Talking of distorted photographs and strange connections in the imagination… my New Orleans sojourns of 2017 have heightened my sensibilities to the presence of cool cats; and I recently noticed an example of the genre providing a different type of congregation at the site of St. John’s Church

Jazz band and St John's [1]

Until we speak again, listen out for Bass Twelve if you happen to be around Cardiff; or, if not, simply enjoy imaginary meanderings of your own!

Hangin’ in the Treme…

Hangin’ in the Treme

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…Watchin’ people sashay
Past my steps
By my porch
In front of my door…

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Church bells are ringin’
Choirs are singing
While the preachers groan
And the sisters moan
In a blessed tone

 

Down in the treme
Is me and my baby
We’re all going crazy
While jamming and having fun

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Trumpet bells ringing
Bass drum is swinging
As the trombone groans
And the big horn moans
And there’s a saxophone

Festival Stage

Treme is a colourful location for the masterpiece post-Katrina drama series, as well as being a place of historic cultural significance…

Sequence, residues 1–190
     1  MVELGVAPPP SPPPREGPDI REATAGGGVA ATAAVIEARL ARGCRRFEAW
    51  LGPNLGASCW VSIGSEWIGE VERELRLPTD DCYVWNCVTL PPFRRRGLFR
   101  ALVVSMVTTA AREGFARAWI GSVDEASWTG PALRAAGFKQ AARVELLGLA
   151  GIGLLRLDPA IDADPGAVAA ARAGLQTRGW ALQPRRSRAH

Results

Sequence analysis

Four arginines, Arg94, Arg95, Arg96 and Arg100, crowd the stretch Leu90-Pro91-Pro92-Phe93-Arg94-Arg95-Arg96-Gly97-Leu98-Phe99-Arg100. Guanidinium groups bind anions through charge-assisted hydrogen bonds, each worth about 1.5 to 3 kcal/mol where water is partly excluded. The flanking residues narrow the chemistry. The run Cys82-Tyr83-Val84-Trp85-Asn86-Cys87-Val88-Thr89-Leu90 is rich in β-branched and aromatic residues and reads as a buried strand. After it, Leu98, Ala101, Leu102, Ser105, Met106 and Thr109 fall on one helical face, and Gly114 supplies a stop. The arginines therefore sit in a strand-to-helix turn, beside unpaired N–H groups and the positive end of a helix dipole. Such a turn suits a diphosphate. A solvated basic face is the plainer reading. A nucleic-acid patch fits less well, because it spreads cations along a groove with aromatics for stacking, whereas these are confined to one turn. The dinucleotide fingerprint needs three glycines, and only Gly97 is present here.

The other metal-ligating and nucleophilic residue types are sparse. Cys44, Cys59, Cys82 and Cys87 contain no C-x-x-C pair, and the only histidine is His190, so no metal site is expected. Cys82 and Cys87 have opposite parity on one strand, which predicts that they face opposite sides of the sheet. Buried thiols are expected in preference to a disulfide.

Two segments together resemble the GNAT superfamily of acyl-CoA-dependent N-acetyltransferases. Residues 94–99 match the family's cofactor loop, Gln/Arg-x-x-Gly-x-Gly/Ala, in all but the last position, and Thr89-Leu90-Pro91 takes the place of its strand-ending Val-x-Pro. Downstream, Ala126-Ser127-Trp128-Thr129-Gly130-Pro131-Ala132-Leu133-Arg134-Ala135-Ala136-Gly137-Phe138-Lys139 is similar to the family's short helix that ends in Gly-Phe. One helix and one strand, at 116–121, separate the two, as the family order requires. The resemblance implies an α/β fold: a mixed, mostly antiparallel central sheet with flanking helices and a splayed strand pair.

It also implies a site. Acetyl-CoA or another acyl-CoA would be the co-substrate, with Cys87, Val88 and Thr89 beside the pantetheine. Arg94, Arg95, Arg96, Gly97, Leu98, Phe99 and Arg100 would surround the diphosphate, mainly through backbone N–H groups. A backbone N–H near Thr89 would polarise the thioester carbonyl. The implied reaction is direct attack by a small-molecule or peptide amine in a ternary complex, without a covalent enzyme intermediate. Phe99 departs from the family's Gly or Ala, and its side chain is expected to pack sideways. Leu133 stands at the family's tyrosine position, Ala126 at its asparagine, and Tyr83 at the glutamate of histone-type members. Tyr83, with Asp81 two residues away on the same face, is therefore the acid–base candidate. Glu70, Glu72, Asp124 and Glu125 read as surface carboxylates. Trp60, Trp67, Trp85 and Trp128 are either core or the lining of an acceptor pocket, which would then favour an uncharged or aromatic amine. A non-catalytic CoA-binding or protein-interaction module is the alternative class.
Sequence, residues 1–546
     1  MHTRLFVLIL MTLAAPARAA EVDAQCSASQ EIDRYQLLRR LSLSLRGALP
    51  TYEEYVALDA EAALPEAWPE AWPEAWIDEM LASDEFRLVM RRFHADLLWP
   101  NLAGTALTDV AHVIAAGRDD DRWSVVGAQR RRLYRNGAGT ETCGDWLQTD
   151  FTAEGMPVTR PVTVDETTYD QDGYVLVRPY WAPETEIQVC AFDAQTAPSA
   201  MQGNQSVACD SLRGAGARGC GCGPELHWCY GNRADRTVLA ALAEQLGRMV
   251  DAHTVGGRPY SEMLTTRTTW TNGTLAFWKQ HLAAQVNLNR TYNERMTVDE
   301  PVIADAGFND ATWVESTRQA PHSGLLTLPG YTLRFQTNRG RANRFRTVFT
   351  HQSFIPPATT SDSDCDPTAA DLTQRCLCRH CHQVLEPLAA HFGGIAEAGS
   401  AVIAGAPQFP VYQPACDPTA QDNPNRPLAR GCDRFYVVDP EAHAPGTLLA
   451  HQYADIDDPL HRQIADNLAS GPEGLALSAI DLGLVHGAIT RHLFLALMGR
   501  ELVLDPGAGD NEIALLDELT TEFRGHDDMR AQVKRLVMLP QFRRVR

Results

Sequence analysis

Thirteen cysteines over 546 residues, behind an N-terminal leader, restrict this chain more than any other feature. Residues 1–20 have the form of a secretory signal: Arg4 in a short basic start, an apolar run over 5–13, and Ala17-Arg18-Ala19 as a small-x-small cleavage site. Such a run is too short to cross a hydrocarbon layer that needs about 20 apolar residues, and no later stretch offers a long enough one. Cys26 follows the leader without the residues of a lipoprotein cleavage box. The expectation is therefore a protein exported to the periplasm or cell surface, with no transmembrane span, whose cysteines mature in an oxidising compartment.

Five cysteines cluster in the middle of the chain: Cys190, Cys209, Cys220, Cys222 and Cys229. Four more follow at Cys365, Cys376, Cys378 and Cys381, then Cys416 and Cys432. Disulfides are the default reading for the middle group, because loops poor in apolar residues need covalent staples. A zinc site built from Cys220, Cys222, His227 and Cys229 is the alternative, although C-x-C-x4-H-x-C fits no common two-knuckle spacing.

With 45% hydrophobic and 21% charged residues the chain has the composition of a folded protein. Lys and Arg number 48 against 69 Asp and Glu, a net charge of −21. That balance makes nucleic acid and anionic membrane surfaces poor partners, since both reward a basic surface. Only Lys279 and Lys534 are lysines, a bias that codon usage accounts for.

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It was thanks to a tip off from the vunderbar Sue at the Vacherie Bar on Toulouse Street that resulted in me heading on down for an experience of stunning food and cool jazz in the heat of the afternoon…

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Until we speak again, keep jamming and having fun!

Full acknowledgements go to John Boutte for the lyrics of the Treme theme tune.

Meal of the day

They say it’s breakfast, right? Well, when in New York get some time on your side; and I dont mean the famous Times Square. From there take one block over and 12 down on the grid, which brings you to the New Yorker on the corner of 34 Street and 8th Avenue…

Tucked away in the very corner you find time is ticking for the start of the day…

Step aside Starbucks! You’re now experiencing a slice of Americana, in an authentic diner.

But beware, the menu involves reading a book; and for that, time is not really on your side.

So, I will offer you a brief taster, with a Denver Omlet of ham, onions and green peppers, hash browns and a side of toast…

One of my readers reminisces over the Eggs Benedict, but I take a rain check (during an unseasonal heatwave). Instead, maybe you have heard of the famous American breakfast of blueberry pancakes (with a side of atherosclerosis!)…

Until we speak again, I assure you I am not an American; these were consumed on separate days. And in any case, there is the clear consistency of self-deception, as I convince myself fresh strawberries and an orange juice make any breakfast healthy.